A generous donation from the Leedstown Trust has boosted the Whanganui River Institute's watercraft by three two-person waka ama Pacific outriggers.
Named Pukeko, Iti and Ihaka, the sleek black craft will be operated in conjunction with the Whanganui Waka Ama Trust (WWAT) to support the future development of Te Ringa Miti Tai Heke Club at Putiki.
Institute secretary Rod Trott said the three outriggers joined the three six-person waka in the waka ama ama fleet bought in 2008, which are used for events on the Whanganui River.
The new craft were immediately launched on the river on Waitangi Day for anyone who wanted to have a go.
The Leedstown Trust is managed by trustees Clayton McElwee, Hamish MacKay and Dennis Brown who told the Chronicle they liked "to water the tall poppies".
Mr McElwee is the grandson of the late Arthur Wheeler, who established the Leedstown Trust.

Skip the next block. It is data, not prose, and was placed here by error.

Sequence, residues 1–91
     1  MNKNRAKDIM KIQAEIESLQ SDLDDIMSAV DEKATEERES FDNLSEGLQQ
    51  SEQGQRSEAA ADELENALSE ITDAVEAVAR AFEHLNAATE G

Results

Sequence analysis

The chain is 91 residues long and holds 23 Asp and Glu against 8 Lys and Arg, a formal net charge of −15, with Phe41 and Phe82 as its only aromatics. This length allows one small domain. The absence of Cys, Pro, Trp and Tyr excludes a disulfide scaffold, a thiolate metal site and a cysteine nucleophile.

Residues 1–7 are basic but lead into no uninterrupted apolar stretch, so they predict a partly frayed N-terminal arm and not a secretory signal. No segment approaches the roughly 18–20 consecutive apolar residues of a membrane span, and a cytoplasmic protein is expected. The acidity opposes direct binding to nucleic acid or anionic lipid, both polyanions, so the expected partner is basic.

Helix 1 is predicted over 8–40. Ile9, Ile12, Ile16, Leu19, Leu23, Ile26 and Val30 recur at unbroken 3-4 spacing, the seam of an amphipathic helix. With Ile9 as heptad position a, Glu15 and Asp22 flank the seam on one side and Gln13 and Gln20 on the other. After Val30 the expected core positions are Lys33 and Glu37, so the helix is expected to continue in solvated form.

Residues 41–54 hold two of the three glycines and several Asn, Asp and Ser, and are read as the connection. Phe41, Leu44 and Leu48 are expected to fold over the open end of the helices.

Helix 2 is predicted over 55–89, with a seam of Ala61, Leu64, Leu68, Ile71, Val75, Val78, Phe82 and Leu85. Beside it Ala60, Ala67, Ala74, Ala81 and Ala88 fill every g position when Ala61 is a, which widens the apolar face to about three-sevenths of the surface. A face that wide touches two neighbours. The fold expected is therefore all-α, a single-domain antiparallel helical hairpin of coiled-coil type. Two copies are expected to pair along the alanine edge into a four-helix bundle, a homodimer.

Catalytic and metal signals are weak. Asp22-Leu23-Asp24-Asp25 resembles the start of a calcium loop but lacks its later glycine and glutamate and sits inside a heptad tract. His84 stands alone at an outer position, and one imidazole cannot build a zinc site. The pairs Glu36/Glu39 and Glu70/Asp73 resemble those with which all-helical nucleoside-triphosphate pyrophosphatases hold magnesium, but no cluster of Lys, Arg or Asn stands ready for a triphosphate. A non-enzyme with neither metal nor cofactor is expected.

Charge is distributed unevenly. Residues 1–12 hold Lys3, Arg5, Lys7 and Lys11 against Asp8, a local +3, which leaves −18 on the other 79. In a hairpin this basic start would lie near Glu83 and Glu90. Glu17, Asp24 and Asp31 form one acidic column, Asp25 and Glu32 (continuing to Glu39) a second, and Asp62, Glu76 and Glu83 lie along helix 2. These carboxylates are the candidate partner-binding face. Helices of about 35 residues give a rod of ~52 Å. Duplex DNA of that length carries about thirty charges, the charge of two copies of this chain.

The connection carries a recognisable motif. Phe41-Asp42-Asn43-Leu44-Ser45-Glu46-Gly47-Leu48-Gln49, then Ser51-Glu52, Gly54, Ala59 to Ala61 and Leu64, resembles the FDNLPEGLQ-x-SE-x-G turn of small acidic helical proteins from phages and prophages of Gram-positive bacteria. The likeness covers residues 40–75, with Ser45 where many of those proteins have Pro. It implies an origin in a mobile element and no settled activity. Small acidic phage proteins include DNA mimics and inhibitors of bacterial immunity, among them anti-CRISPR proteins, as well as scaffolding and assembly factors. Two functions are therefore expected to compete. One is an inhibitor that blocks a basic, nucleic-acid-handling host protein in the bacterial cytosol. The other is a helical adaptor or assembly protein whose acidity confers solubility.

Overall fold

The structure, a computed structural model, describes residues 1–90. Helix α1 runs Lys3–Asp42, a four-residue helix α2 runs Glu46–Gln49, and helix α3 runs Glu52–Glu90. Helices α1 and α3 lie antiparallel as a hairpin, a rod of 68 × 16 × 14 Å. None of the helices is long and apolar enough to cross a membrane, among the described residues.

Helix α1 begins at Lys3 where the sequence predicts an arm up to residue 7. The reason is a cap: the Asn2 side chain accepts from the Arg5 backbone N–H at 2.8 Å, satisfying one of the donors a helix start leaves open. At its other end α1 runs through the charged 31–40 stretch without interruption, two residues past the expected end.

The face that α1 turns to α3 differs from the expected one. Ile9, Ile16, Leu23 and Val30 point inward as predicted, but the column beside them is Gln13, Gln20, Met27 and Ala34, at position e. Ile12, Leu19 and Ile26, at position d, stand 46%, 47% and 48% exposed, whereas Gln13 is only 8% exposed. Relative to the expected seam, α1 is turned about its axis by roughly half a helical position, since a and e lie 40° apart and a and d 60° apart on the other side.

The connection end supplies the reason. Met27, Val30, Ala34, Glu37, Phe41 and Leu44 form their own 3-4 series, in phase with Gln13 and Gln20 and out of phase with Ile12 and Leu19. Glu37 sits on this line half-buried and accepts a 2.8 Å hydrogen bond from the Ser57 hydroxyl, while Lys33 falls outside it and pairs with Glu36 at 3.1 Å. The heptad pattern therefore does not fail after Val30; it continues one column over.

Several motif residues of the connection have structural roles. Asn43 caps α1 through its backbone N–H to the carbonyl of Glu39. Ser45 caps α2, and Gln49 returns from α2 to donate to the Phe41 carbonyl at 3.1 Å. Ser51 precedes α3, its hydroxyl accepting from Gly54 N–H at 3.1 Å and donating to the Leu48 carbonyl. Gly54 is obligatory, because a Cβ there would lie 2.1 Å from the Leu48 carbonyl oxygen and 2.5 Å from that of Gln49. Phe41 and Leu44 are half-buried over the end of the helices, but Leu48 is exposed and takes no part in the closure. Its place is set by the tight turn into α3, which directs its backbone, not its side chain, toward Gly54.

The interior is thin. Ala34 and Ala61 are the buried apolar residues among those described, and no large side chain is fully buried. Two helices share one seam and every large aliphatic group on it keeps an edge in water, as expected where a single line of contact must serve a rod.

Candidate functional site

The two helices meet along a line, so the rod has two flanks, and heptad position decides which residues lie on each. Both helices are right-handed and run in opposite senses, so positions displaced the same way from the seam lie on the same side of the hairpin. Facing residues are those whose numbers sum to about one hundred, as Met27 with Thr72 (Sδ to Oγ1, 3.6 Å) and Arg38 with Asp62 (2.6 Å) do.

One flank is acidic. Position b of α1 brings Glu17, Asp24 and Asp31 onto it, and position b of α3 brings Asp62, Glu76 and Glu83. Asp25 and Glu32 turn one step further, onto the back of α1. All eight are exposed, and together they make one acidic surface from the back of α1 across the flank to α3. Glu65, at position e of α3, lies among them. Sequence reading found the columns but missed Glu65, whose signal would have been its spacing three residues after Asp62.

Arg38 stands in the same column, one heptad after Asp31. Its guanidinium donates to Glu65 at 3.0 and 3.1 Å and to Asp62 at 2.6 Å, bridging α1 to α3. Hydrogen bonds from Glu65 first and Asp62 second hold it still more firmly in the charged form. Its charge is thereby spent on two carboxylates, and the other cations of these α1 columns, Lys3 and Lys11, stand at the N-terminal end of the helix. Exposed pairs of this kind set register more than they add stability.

The trust has supported a lot of young local sports talent, particularly if they reached national standard in New Zealand, over a wide range of disciplines.
Mr Brown said the water feature in Majestic Square and a mobility van for Kowhainui were made possible by donations from the trust.
In more than 20 years, the trust has donated about $800,000.
Mr Wheeler established the trust in 1959 with a sum of £6000.
Initially, the Marton sheep farmer was both settlor and trustee and this was later changed to two trustees and then three.
Since the trust's establishment, the capital has grown to more than $1 million, with some of the income being distributed regularly as grants.
In May 2006, the trustees of the day, Wanganui lawyer Dennis Brown, investment adviser Hamish Mackay and Mr Wheeler's grandson, Clayton McElwee, confirmed the trust's objectives as giving priority to "the standard classic charitable objects of religion, education, poverty and community benefit".